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Proceedings Paper

Multi-resolution CNN for brain vessel segmentation from cerebrovascular images of intracranial aneurysm: a comparison of U-Net and DeepMedic
Author(s): Tatsat R. Patel; Nikhil Paliwal; Prakhar Jaiswal; Muhammad Waqas; Maxim Mokin; Adnan H. Siddiqui; Hui Meng; Rahul Rai; Vincent Tutino
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Paper Abstract

Background: Vascular segmentation of cerebral vascular imaging is tedious and manual, hindering translation of imagebased computational tools for neurovascular disease (such as intracranial aneurysm) management. Current cerebrovascular segmentation techniques use classic model-based algorithms, but such algorithms are incapable of distinguishing vasculature from artifacts. Deep Learning, specifically the widely accepted U-Net architecture, could be an effective alternative to conventional approaches for cerebrovascular segmentation, but has been shown to perform poorly in segmentation of smaller yet critical vessels. Methods: In this study, we present a methodology using a specialized convolutional neural network (CNN) architecture— DeepMedic—which uses multi-resolution inputs to enhance the field of view of the architecture, thereby enhancing the accuracy of segmentation of smaller vessels. To show the capability of this architecture, we collected and segmented a total of 100 digital subtraction angiography (DSA) images of cerebral vessels for training, internal validation, and testing (n=80, n=10, and n=10, respectively). Results: The DeepMedic architecture yielded high performance with a Connectivity-Area-Length (CAL) of 0.84±0.07 and a dice similarity coefficient (DSC) of 0.94±0.02 in the independent testing cohort. This was better than U-Net optimized for the patch-size and %-overlap in predictions, which performed with a CAL of 0.79±0.06 and a DSC of 0.92±0.02. Notably, our work demonstrated that DeepMedic (CAL: 0.45±0.12) outperformed U-Net (CAL: 0.59±0.11) for segmentation of smaller vessels. Conclusions: Our work showed DeepMedic performs better than the current state-of-the-art method for cerebrovascular segmentation. We hope this study begins to bring a high fidelity deep-learning based approach closer to clinical translation.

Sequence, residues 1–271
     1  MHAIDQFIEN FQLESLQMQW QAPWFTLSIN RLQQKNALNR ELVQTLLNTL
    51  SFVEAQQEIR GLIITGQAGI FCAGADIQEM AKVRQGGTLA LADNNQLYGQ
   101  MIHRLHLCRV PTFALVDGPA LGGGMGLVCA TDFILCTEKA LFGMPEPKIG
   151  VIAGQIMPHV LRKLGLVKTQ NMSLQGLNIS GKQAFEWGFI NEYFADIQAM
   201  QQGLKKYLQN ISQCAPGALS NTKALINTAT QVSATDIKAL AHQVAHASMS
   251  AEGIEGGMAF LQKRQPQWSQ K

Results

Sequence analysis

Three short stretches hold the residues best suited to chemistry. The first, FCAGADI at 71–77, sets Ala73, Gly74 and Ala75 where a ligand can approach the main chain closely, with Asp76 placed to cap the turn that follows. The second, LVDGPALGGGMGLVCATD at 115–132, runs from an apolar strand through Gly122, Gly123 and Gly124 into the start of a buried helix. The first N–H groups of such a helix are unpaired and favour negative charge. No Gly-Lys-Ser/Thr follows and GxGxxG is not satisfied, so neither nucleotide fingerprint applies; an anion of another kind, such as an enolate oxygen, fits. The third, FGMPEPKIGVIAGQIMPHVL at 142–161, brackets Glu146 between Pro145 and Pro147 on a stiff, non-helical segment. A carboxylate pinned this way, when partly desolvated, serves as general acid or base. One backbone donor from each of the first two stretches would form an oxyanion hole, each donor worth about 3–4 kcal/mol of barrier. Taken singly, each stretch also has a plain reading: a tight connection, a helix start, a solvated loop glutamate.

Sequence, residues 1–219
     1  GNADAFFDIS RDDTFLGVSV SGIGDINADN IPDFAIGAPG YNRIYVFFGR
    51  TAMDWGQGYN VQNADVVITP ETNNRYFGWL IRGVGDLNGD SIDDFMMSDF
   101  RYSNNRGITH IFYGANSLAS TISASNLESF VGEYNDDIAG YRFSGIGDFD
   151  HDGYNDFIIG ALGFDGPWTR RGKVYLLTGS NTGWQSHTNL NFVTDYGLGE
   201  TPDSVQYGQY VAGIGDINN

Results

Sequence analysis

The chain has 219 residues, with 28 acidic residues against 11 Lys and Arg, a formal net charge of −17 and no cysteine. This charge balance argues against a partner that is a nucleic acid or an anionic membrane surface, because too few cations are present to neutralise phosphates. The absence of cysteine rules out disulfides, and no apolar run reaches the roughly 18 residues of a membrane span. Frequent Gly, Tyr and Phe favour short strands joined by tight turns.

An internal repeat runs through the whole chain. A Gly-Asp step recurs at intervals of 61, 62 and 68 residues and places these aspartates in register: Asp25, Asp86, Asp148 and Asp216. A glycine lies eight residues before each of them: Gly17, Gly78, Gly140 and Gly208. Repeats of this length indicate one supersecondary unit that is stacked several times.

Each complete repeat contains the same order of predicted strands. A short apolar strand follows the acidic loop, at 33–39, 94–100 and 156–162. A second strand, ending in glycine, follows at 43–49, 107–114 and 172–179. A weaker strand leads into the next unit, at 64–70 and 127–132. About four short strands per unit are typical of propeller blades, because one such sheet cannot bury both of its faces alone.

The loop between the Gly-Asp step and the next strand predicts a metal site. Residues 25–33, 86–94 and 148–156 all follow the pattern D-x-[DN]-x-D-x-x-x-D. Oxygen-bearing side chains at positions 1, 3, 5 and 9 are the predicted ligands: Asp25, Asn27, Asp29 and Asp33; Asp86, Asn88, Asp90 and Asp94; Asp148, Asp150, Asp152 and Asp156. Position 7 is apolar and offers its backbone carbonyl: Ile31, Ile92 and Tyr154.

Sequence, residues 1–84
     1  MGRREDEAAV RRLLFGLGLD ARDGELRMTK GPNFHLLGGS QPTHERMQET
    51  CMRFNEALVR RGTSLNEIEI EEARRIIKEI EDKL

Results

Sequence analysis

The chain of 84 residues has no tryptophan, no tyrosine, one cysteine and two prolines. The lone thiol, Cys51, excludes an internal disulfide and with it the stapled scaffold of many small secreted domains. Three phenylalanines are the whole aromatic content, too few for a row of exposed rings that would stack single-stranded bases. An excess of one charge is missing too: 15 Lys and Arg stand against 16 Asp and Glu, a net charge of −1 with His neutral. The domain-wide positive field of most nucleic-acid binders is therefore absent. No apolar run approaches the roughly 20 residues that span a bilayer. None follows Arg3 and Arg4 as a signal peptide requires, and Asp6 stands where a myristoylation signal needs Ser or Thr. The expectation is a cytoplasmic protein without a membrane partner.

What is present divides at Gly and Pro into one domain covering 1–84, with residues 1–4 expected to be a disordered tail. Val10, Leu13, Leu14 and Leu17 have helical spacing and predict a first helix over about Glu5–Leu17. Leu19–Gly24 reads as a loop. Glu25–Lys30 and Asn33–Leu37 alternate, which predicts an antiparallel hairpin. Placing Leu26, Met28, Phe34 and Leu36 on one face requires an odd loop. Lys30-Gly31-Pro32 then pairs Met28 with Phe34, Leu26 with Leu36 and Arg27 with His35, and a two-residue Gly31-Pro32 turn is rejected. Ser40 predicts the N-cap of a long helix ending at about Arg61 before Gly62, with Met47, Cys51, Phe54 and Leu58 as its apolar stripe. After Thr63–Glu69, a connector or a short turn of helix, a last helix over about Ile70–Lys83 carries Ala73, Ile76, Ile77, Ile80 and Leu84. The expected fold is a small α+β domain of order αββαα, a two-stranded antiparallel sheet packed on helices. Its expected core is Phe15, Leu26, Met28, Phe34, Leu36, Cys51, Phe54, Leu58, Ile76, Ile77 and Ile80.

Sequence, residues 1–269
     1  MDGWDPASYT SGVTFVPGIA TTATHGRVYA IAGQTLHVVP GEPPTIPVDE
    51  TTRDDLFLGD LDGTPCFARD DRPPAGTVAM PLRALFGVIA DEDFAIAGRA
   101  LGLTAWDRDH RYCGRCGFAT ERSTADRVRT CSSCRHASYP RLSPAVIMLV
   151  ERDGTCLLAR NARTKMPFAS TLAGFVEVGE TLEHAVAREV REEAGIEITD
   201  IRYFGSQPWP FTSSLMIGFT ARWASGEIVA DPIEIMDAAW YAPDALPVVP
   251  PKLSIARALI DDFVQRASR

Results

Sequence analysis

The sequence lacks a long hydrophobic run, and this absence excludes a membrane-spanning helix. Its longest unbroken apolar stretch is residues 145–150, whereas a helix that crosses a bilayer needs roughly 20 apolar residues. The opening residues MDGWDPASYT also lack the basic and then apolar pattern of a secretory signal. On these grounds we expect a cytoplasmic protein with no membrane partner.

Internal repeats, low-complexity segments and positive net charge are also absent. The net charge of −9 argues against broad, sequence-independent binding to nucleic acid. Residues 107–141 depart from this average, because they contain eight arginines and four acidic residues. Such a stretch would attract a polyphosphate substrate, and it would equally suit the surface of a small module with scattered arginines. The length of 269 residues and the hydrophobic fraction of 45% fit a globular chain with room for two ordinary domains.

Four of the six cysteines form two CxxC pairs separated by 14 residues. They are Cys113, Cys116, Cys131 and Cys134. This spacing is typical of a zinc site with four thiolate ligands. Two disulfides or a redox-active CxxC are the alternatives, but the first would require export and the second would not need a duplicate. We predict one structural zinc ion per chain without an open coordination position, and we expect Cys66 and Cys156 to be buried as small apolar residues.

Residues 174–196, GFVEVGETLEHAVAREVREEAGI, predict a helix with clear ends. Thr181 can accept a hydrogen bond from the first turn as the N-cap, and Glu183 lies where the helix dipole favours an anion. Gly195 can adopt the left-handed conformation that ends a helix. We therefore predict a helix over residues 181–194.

Paper Details

Date Published: 16 March 2020
PDF: 9 pages
Proc. SPIE 11314, Medical Imaging 2020: Computer-Aided Diagnosis, 113142W (16 March 2020); doi: 10.1117/12.2549761
Show Author Affiliations
Tatsat R. Patel, Univ. at Buffalo (United States)
Nikhil Paliwal, Univ. at Buffalo (United States)
Prakhar Jaiswal, Univ. at Buffalo (United States)
Muhammad Waqas, Univ. at Buffalo (United States)
Maxim Mokin, Univ. of Florida (United States)
Adnan H. Siddiqui, Canon Stroke and Vascular Research Ctr. (United States)
Univ. at Buffalo (United States)
Univ. of Florida (United States)
Hui Meng, Univ. at Buffalo (United States)
Canon Stroke and Vascular Research Ctr. (United States)
Rahul Rai, Univ. at Buffalo (United States)
Vincent Tutino, Canon Stroke and Vascular Research Ctr. (United States)
Univ. at Buffalo (United States)

Published in SPIE Proceedings Vol. 11314:
Medical Imaging 2020: Computer-Aided Diagnosis
Horst K. Hahn; Maciej A. Mazurowski, Editor(s)

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